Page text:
What was good and bad in the garden

Duane Campbell

It is time for the what went right and what went wrong report for this season. And there were some of both, unlike many years where the latter category overwhelms the first. I'll start with a good one that will surprise you.

I don't like string beans. I don't like most vegetables that don't come on a Big Mac. But I grow them because they are easy and some people in the house actually eat them. I grow pole beans rather than the popular bush beans. Bush beans are advertised as being developed for the new, smaller garden, but that is spin. They were developed for commercial growers because they come on all at once, can be picked all at once, and then they're done. Pole beans develop slowly, a few ready to pick every day over a long season, so you can go out for a handful every evening.

There are many ways to train climbing beans. I use two 5-foot tall concrete reinforcing wire tomato cages wired together, one atop the other, with the whole structure wired securely to two pieces of rerod pounded into the ground. Sticks work too, though they tend to fall over. And there is the traditional teepee.

Anyway, my wife forced some green beans on me, and they were really, really good. Just steamed with a little garlic. OK, some butter. Did anyone else notice a difference this year? I normally don't eat green beans, but I ate five. That takes care of my five-a-day quotient.

The tomatoes were equally good. Tomatoes are always good in hot dry summers. Too good, really, to cook down into sauce, but too many to eat fresh. And the peppers were good, but they usually are. I didn't get onions going in time, but the dry weather probably wouldn't have been to their liking anyway.

No need to reprise impatiens. I did their obituary last week. I'll miss them, a little, but it will be fun figuring out what to plant next year instead.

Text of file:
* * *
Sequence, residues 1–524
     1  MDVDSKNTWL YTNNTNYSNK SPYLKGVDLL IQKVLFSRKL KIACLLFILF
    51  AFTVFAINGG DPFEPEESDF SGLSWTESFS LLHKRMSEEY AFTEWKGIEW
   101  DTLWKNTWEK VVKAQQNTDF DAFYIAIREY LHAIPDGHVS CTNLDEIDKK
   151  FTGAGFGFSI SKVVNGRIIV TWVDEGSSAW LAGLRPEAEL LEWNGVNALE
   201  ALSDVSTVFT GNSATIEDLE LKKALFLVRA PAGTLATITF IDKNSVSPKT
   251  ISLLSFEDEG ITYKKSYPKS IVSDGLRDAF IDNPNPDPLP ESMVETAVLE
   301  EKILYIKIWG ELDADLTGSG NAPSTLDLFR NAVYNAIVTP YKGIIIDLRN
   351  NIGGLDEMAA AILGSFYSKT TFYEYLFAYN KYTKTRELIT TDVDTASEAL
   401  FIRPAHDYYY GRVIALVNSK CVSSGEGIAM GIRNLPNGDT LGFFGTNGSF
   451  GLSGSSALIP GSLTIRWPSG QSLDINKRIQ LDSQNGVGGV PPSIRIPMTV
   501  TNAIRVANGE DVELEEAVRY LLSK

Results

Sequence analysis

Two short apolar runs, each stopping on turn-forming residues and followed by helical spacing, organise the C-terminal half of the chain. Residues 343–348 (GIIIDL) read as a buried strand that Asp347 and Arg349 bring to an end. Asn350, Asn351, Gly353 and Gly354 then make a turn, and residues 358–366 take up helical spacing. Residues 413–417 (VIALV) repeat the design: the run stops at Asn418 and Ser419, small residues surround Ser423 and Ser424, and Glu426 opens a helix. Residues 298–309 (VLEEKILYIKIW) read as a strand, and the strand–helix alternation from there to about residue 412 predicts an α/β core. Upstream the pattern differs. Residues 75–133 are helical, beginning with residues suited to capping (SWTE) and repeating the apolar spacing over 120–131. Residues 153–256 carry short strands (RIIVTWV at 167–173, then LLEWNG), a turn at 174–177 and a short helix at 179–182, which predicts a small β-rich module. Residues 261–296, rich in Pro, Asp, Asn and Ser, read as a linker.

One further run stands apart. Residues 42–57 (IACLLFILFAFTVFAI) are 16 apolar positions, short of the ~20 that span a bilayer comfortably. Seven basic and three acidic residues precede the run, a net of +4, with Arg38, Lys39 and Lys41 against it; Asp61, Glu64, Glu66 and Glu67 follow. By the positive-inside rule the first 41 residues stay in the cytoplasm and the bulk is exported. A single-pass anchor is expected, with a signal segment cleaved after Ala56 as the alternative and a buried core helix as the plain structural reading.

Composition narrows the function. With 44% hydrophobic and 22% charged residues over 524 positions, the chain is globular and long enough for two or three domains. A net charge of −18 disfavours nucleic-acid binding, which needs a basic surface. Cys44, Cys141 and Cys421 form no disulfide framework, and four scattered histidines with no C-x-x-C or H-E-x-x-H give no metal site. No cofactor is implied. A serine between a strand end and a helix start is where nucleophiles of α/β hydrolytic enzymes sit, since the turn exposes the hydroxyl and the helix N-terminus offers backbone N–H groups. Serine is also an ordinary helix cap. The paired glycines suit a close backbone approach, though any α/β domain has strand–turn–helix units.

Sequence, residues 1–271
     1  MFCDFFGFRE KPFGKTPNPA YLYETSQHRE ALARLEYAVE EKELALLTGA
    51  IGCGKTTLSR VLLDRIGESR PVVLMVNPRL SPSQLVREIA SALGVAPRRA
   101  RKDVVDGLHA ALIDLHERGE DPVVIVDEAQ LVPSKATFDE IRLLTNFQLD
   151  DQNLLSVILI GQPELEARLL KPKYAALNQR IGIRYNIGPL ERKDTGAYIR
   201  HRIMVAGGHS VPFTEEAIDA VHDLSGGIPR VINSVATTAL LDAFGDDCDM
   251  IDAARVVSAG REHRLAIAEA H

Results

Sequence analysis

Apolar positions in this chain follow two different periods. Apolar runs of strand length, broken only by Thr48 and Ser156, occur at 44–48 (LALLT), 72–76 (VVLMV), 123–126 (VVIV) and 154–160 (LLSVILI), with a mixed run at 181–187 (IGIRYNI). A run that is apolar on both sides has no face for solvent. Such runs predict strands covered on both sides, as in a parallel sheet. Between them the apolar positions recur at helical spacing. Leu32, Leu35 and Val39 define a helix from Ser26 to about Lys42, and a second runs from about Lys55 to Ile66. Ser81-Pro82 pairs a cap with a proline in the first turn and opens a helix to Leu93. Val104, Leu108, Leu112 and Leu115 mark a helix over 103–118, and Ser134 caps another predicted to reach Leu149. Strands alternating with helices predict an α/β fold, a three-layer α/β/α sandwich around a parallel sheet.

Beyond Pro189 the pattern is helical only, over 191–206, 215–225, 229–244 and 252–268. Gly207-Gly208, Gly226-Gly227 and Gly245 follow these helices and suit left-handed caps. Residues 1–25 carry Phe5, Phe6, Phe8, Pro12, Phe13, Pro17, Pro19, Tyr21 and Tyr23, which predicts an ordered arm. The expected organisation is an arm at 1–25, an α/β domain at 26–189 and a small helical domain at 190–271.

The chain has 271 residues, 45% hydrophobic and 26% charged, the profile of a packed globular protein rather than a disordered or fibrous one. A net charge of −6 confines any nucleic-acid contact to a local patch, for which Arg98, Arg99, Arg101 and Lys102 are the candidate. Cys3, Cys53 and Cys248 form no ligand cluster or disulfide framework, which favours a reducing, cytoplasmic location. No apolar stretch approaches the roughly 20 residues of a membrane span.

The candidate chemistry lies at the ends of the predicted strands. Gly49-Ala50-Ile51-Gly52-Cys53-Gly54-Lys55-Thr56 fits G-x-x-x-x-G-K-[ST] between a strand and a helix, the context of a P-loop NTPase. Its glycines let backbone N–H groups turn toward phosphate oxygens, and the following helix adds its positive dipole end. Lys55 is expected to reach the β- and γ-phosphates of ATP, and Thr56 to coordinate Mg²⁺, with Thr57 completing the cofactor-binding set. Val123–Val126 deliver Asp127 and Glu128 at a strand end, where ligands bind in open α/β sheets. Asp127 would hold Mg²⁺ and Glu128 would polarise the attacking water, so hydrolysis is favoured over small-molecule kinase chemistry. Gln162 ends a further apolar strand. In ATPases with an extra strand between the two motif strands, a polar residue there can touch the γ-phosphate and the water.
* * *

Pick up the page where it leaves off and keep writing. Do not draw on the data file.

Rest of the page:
I suppose I should report on the new garden area I started this spring where a big evergreen used to be. As new gardens go, it wasn't all that bad. My focus on blue faltered a little, but only a little, with 'blue' being loosely interpreted,. Some of the perennials I put in this spring are still alive. More would be if I had taken my own advice to pay special attention to watering newly installed plants, especially during hot, dry weather.

The experts tell you to start by buying three of each plant so a new garden fills in faster. I don't have to tell you how long I considered that advice before rejecting it, but the word nanosecond comes to mind. Like children and new clothes, plants will grow into the space allotted to them, though it will take longer.

Meanwhile there is empty space to fill, and it isn't all that difficult. You can get a quick fill with summer bulbs, annuals, and container plants. As usual, I had excess dahlias from last season. Aspen is just the right size, and the pure white blooms go nicely with the blue.

I absolutely fell in love with Black Velvet petunias – definitely a keeper. They went nice with Aspen, but great with Black Pearl ornamental pepper and the new Blushing Princess lobularia.

Finally for impact, so no one would notice how sparse the perennials are, I let a giant red amaranth grow. This stunning, bright red annual grows to eight feet in a season and reseeds … let's say generously. In spring just weed out the ones you don't want. With some good fortune, maybe I won't need it in the new garden next summer.

Duane Campbell is a nationally known agricultural expert. He can be reached at R6, Box 6029, Towanda, PA 18848 or dcamp911@gmail.com.

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